Microsoft's big win: Pentagon signs massive $1.76bn contract

Microsoft wins a five-year services deal with Department of Defense, Coast Guard, and intelligence community.

Microsoft wins huge $1.76 billion contract with the Pentagon Microsoft has been chosen to provide services to the Department of Defense, Coast Guard, and intelligence community. Read more: https://zd.net/2H9Ll4k

Microsoft has scored a major win with the US Department of Defense (DoD) to supply services to the value of $1.76bn over five years. 

The Pentagon on Friday announced the deal, which will see Microsoft provide enterprise services to the DoD, Coast Guard, and intelligence community. 

In a statement announcing the deal, the Pentagon explains that support includes, "Microsoft product engineering services for software developers and product teams to leverage a range of proprietary resources and source code, and Microsoft premier support for tools, knowledge database, problem resolution assistance, and custom changes to Microsoft source code when applicable." 

The five-year 'indefinite delivery/indefinite quantity' (IDIQ) contract has a completion date of January 10, 2024. This contract allows Microsoft to provide an indefinite quantity of services during the period. 

The contract allows DoD to pay Microsoft on individual task orders using primarily operations and maintenance funds. 

Microsoft's win comes as the DoD assesses proposals for its $10bn, 10-year cloud contract known as JEDI or Joint Enterprise Defense Infrastructure. The Pentagon is expected to announce a single winner of the JEDI deal in the first quarter. 

SEE: Tech budgets 2019: A CXO's guide (ZDNet special report) | Download the report as a PDF (TechRepublic)

Microsoft in October announced that it was on track to be certified to host Top Secret US classified data (Defense Information Systems Agency Impact Level 6) certification by the first quarter of 2019

Microsoft's cloud rival Amazon Web Services (AWS) is believed to be the frontrunner for the JEDI contract. Google dropped out of the race because it lacked the required government certifications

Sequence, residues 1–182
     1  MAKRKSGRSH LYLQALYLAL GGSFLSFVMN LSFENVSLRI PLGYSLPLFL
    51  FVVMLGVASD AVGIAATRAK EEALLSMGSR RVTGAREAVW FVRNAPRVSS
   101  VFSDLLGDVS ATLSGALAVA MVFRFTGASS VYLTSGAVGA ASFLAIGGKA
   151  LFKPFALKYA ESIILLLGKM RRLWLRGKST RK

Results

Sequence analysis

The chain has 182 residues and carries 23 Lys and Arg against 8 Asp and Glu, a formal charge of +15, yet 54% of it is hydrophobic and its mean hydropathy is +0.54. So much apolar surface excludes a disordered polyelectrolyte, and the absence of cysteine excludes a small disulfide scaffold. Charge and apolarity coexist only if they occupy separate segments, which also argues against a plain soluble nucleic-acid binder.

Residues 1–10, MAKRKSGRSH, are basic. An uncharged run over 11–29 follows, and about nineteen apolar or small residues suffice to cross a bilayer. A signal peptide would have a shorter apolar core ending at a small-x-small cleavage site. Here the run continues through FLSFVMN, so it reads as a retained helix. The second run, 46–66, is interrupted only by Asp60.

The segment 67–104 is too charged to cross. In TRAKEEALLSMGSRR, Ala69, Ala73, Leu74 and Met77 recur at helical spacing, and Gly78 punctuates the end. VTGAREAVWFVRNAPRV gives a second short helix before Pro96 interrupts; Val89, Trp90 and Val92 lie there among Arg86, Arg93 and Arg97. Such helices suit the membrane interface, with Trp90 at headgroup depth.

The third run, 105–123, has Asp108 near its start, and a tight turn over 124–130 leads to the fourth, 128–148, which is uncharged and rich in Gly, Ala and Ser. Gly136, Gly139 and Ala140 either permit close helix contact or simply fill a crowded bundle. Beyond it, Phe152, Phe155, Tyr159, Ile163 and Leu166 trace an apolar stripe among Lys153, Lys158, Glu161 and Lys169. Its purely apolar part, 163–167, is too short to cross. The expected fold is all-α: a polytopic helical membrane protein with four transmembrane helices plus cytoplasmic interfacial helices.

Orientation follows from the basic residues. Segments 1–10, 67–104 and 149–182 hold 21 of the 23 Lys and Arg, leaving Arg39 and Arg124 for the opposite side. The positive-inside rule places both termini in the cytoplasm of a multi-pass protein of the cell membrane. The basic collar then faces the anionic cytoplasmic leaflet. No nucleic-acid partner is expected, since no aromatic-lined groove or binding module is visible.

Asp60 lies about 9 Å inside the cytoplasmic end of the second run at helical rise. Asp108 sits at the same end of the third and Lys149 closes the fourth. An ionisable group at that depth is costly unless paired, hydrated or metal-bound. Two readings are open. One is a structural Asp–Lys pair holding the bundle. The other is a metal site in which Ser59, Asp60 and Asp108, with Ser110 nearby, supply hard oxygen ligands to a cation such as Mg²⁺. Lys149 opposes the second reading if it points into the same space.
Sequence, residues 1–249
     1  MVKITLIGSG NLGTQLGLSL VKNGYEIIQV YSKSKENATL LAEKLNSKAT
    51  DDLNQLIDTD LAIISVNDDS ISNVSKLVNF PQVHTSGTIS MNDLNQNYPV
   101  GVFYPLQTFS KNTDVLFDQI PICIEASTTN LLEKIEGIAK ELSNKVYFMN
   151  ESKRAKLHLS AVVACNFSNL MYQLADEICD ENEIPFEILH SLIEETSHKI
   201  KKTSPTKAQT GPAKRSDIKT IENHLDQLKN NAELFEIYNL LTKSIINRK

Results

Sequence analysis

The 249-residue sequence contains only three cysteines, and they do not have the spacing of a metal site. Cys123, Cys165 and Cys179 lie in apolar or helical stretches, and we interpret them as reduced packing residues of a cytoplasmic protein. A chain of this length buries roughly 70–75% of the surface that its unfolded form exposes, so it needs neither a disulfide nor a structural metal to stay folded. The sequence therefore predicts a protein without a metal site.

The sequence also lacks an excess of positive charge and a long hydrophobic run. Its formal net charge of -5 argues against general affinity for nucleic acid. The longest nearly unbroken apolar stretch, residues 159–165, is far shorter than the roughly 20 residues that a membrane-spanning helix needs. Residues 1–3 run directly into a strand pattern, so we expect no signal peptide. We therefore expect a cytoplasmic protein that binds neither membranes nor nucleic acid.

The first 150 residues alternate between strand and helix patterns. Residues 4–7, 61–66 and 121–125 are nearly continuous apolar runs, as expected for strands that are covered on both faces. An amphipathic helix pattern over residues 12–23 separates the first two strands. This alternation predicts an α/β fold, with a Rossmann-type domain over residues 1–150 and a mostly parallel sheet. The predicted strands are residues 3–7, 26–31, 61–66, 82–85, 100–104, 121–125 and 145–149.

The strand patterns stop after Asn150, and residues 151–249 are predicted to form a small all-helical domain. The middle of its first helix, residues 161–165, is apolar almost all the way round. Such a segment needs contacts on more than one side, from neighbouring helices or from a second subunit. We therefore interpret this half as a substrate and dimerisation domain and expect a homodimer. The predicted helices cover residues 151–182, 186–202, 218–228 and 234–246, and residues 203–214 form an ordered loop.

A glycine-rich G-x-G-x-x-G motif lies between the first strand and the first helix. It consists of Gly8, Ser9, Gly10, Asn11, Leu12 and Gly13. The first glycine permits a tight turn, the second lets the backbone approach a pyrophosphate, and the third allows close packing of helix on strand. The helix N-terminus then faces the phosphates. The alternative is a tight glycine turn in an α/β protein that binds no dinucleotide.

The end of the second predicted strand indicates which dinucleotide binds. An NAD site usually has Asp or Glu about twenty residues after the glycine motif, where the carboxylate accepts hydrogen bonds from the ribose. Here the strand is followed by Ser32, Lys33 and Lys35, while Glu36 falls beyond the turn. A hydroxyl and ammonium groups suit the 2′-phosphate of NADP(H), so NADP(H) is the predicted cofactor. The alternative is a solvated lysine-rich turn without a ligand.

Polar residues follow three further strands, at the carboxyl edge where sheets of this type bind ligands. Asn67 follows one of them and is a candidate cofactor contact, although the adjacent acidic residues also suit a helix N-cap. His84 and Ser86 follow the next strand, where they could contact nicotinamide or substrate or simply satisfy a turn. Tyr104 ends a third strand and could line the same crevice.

Oracle filed several protest bids with the Government Accountability Office (GAO) last year, the last of which was knocked back in November. The company has argued that parts of the contract were written in a way that favors AWS and that it was illegal to award it to just one vendor. 

The GAO ruled that the Pentagon was legally entitled to grant the contract to one vendor because the agency reasonably determined it was in its best interests.   

IBM has also been critical of the winner-take-all nature of the JEDI contract.  

Previous and related coverage

IBM: We're protesting over Pentagon's $10bn winner-take-all JEDI cloud deal

IBM fears that the JEDI deal is aimed at 'one specific vendor', which is not Big Blue.

Google: Here's why we're pulling out of Pentagon's $10bn JEDI cloud race

Google won't bid for the Department of Defense's massive cloud contract because it could conflict with its AI principles against developing weapons.

Microsoft touts its coming top-secret cloud certification ahead of $10 billion JEDI contract deadline

Microsoft is stepping up its government cloud campaigning just ahead of the closing of the bids for the Pentagon's $10 billion, winner-take-all JEDI cloud contract.

Department of Defense's updated cloud-computing contract still is winner-take-all

Microsoft and other cloud vendors are keeping close tabs on the estimated multi-billion-dollar U.S. DoD JEDI cloud contract, as it winds its way through the bidding process.

Pentagon delays disputed JEDI cloud contract

The JEDI will have to wait a while longer for the award of the Pentagon's hotly-contested multi-billion "winner-take-all" cloud contract because the RFP has just been delayed....

Google employee protest: Now Google backs off Pentagon drone AI project

Google won't bid to renew its Project Maven contract with the Pentagon after it expires in 2019.

Google employee protest: Now 'Googlers are quitting' over Pentagon drone project

The number of employees against Google's Project Maven role grows, and they're now backed by a big group of academics.

Google says it won't build AI for weapons

In a set of principles laid out to guide its development of artificial intelligence, Google also said it won't build AI for surveillance that violates "internationally accepted norms."

Google to release DeepMind's StreetLearn for teaching machine-learning agents to navigate cities TechRepublic

The StreetLearn environment relies on images from Google Street View and has been used by Google DeepMind to train a software agent to navigate various western cities without reference to a map.

Facebook Portal device seeks to take video chat to the next level CNET

But will people trust the social network's new consumer device after all those data security problems?